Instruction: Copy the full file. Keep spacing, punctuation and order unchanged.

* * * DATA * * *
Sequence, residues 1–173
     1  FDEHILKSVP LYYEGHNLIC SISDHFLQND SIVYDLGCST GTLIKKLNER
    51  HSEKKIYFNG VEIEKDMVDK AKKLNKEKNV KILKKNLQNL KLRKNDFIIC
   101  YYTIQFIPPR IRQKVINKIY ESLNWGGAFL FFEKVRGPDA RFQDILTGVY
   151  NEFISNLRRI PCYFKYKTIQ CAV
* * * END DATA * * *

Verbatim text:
Sequence, residues 1–173
     1  FDEHILKSVP LYYEGHNLIC SISDHFLQND SIVYDLGCST GTLIKKLNER
    51  HSEKKIYFNG VEIEKDMVDK AKKLNKEKNV KILKKNLQNL KLRKNDFIIC
   101  YYTIQFIPPR IRQKVINKIY ESLNWGGAFL FFEKVRGPDA RFQDILTGVY
   151  NEFISNLRRI PCYFKYKTIQ CAV